Here’s a question: Should the city that you live in set rules for how you can get a ride?
How can a city prevent two private individuals — one a willing passenger, the other a willing driver — from entering into a contract for that ride?
This very issue likely will be settled by the Texas Legislature before the session ends in about six weeks.
Uber and Lyft operate around the world and all over Texas.
Lyft, for example, operates in 28 Texas cities, according to its website, from Amarillo to Edinburg and Tyler to El Paso.
A map of Uber’s service shows heavy clusters around the Austin/San Antonio, Houston, and Dallas-Fort Worth areas, with service also offered in parts of East Texas, West Texas and the Panhandle.
Statewide pre-emption is when a state overrides the authority of a city or county’s regulations within a narrow policy area.
In a previous legislative session, the Texas legislature pre-empted local fracking ordinances on the belief that royalty owners have a right to earn royalties from their land — and that a strong energy economy in Texas is good for our state.
In some cities like Austin, reactionary liberal elected officials arbitrarily allow one type of background check over another and force transportation network companies to upend their business model by bowing down to a city’s government.
Applying the antiquated and broken taxi regulation system to groundbreaking and innovative companies like Uber and Lyft makes no sense whatsoever.
Though cities like Austin claim to be innovation capitals, they stack the deck in favor of powerful taxi companies and stifle the innovation of companies like Uber and Lyft.
Do we really expect an out-of-state business executive arriving at Austin’s airport to find a local ride-hailing company’s app, download it, enter their personal information, order a ride, wait, then take that ride? It is patently absurd.
It does not matter what city I am in, but if I arrive and neither Uber nor Lyft are available in that city, I immediately conclude that the government for that city is a train wreck and it does not care about public safety. There is simply no other reasonable conclusion to draw.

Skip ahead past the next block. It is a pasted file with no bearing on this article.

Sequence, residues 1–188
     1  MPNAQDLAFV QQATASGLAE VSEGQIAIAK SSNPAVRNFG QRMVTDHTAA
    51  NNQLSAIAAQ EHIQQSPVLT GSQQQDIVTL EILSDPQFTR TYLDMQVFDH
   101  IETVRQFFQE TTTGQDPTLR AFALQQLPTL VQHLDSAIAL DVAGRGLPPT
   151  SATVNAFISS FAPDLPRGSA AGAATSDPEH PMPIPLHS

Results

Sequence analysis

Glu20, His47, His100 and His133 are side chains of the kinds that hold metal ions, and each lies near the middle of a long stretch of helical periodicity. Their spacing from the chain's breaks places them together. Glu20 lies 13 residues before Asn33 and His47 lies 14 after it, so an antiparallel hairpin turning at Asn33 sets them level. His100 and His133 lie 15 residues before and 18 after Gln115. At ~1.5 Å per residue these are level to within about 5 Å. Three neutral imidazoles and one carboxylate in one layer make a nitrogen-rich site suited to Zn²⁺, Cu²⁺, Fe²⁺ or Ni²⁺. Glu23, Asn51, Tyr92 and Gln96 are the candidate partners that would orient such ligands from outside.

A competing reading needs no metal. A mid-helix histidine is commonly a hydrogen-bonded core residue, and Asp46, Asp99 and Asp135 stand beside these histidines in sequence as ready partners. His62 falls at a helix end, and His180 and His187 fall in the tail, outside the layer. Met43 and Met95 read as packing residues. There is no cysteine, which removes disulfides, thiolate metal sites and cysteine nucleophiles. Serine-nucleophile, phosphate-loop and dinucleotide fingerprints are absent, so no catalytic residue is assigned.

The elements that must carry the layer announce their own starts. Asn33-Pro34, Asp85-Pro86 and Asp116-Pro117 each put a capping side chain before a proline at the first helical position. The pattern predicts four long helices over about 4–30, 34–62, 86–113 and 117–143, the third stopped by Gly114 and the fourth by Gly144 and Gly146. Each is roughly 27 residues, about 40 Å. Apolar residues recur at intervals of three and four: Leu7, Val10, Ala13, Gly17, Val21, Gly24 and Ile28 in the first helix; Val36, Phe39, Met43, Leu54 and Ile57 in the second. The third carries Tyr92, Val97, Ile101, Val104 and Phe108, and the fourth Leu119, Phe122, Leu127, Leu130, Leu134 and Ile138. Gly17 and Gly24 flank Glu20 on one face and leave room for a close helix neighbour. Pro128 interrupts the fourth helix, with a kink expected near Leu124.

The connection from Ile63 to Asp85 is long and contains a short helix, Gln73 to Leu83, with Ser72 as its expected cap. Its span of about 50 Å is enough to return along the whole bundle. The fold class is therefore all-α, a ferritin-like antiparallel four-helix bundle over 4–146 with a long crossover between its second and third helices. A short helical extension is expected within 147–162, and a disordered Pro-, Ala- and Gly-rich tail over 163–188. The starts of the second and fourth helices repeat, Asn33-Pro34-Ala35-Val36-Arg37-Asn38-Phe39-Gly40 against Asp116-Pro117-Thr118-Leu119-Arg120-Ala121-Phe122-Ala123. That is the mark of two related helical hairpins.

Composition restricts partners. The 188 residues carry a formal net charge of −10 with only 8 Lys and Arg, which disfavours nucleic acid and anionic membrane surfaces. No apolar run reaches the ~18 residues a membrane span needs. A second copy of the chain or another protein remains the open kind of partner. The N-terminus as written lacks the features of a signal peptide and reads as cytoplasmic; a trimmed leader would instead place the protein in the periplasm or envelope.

Fortunately, several bills have been filed to override these local ordinances. Three to watch are Senate Bill 361, filed by Senate TransportationCommitteeChairman Robert Nichols,R-Jacksonville, Senate Bill 176, filed by state Sen. Charles Schwertner,R-Georgetown) and House Bill 100, filed by state Rep. Chris Paddie,R-Marshall. Paddie’s bill is expected to be debated on the House floor this week.
All three bills have been heard in committee — and I expect that ultimately one of them will pass this legislative session.
Proponents of shutting down Uber and Lyft claim to do so under the guise of “public safety,” as if these global companies want to hire criminals as drivers. In fact, it is in Uber’sand Lyft’s interest not to hire drivers with criminal backgrounds, because any time a driver engages in criminal activity, it reflects poorly on the company, angers a customer, harms a victim, and costs the company money.
The incentive already exists for these companies to effectively screen their drivers.
Are we really supposed to believe that a criminal would use someone else’s identify just sohe or shecan drive for Uber and Lyft? How wouldthat driverget paid? How would they get access to the other person’s bank account?
It makes absolutely no sense.
As a conservative, I am generally in favor of local control — the belief that the government that is closest to the people is the most accountable.
But on issues where public safety is at stake — and when those affected cross geographic lines — I have no problem with statewide pre-emption if a state legislature sees fit to act.
The state of Texas needs one, uniform ride-hailing policy.
If the city of Austin chooses to be anti-innovation, the state of Texas should veto it.
Mackowiak is syndicated columnist, an Austin-based Republican consultant and a former Capitol Hill and Bush administration aide.